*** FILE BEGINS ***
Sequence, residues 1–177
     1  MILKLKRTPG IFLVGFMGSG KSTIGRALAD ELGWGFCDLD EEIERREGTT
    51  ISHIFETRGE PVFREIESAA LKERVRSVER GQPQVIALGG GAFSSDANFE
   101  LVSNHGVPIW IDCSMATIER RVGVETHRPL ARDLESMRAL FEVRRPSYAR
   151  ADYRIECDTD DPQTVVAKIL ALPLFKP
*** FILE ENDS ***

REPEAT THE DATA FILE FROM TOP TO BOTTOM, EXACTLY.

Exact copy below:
Sequence, residues 1–177
     1  MILKLKRTPG IFLVGFMGSG KSTIGRALAD ELGWGFCDLD EEIERREGTT
    51  ISHIFETRGE PVFREIESAA LKERVRSVER GQPQVIALGG GAFSSDANFE
   101  LVSNHGVPIW IDCSMATIER RVGVETHRPL ARDLESMRAL FEVRRPSYAR
   151  ADYRIECDTD DPQTVVAKIL ALPLFKP